Academic journal article Journal of Small Business Management

The Impact of Consulting Service on Spanish Firms

Academic journal article Journal of Small Business Management

The Impact of Consulting Service on Spanish Firms

Article excerpt


Specialized services that help in efficient decision-making in company management--that is consulting service--undoubtedly make up one of the most dynamic sectors of the economy in most European countries and in Spain (Rubalcaba 1997; Camacho 1998; Gonzalez 1999).

There is a huge amount of literature available on the subject of consulting, and it often is stated that the consultant contributes a large dose of common sense to a management situation that is not always rational. (1) However, the consultant is not a magician who discovers what the client did not know, although the consultant is able to look at the problem from a more appropriate angle and his or her services should be more widely used. Technically speaking, this paper asserts that consulting is the planned intervention in a company with the aim of identifying the problems that may exist in its organization and implementing those measures considered suitable and fitting in order to resolve them (Shapiro, Eccles, and Soske 1993).

The evaluation of the effects of the consulting process generally is per formed by looking at the behavior of the company (Schein 1988; Aharoni 1997). It is accepted that the benefits of the management process are not limited to just putting the recommendations into practice (Aharoni 1997); they also should include the changes and development brought about by the process. In this study, from the recommendations made by the consultant, only the short-term financial benefits of the project can be evaluated given the difficulty involved in evaluating the quality of the service (Ivancevich et al. 1996). This is increasingly so, taken into account that Spanish firms find themselves in a difficult moment, as they currently are adapting themselves to the implementation of the "culture of quality" regarding both their products and suppliers. Quality management systems, such as the European Foundation for Quality Management (EFQM) in the case of many European companies, are still a long way from being part of the cultural and strategic reality of the commercial sector in Spain.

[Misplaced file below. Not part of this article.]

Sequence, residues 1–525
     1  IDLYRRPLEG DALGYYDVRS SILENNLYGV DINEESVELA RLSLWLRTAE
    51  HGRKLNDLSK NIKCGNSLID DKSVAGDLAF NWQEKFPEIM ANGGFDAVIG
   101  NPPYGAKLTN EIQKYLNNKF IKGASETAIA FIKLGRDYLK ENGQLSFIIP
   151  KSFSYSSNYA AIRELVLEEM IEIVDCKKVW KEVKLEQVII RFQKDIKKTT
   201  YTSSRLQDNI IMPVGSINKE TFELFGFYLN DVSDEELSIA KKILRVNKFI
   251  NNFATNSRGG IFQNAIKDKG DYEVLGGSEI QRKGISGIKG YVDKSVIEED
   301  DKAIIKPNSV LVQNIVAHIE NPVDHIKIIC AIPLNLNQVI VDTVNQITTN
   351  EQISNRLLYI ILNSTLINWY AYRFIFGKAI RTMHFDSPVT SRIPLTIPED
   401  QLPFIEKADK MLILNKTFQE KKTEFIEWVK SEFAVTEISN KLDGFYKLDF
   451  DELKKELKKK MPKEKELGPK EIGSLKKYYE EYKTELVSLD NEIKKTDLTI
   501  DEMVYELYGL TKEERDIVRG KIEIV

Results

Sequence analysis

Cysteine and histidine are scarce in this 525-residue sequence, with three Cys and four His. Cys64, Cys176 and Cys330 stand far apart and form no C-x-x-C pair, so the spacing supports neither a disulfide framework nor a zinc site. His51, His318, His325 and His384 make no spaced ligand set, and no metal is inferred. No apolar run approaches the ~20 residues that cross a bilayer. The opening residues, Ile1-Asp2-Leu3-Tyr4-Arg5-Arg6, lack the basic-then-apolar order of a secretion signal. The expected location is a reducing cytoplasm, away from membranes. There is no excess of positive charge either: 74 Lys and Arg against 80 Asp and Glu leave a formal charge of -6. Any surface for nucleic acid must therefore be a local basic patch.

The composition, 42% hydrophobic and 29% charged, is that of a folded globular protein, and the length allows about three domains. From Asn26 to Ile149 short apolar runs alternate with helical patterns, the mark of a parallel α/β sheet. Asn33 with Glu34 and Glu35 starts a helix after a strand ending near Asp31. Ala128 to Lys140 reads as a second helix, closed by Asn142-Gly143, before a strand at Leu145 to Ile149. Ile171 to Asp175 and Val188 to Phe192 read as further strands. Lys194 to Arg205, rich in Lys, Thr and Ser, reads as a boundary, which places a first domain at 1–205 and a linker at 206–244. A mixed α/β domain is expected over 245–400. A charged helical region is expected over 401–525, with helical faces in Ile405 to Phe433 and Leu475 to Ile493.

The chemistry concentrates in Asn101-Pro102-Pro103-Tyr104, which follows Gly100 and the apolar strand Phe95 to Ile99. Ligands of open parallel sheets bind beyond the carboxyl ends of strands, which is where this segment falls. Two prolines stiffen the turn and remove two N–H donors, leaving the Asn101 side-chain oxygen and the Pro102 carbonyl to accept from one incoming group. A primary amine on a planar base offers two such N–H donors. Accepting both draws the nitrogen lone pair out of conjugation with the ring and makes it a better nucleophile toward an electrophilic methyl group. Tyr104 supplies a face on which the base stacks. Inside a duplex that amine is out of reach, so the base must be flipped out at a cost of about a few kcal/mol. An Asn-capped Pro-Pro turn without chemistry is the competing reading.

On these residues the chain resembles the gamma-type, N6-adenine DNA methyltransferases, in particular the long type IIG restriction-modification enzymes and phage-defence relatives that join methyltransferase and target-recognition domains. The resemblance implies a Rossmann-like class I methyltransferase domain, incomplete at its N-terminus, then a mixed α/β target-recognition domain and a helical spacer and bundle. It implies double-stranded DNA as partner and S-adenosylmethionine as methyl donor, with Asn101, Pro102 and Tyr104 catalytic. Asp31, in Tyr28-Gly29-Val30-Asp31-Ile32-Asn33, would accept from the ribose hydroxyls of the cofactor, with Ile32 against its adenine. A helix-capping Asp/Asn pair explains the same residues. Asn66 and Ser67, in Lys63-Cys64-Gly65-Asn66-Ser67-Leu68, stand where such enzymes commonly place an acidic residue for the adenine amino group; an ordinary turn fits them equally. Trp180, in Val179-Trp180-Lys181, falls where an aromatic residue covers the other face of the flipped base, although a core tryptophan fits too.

The present study analyzes external consulting in Spanish commercial and distribution firms by looking at management decisions concerning activities related to organization, quality, marketing, and strategy. (2) This analysis can be extrapolated to other European areas, especially those around the Mediterranean Sea. Authors such as Cuadrado and Rubalcaba (1993) do not observe regional differences in the demand for services, but other studies show different behavior according to the sector to which the activity belongs (Quasar 1988; (3) Quasar 1990 (4)) and according to location (Quasar 1988; Quasar 1990; Hermosilla 1997). This study examines the effect of management consulting on the company when there is the intervention of an external adviser--in other words, when there is an increase in the company's knowledge and capabilities in these activities, enabling a later investigation and evaluation of its impact on the firm's situation in the future.

The Research

A questionnaire was devised to allow face-to-face or over-the-phone interviews in a sample of Spanish commercial or distribution firms, which were selected from the most important throughout Spain. Using sampling criteria from the Spanish Ministerio de Economia y Hacienda's Subsecretaria de Comercio, this segmenting was done from those medium-sized companies (between 50 and 250 employees) that were considered innovative, according to the 1999 database. That is to say, they had been judged favorably when it came to granting them aid or subsidy according to whether or not they were meeting goals concerning management, location and products, growth strategy, and future planning.

The Data

The sample was Spanish companies that were potential users of consulting services. 1,000 companies were selected using judgment sampling criteria and insuring the inclusion of firms with a greater capacity to seek consulting services. …

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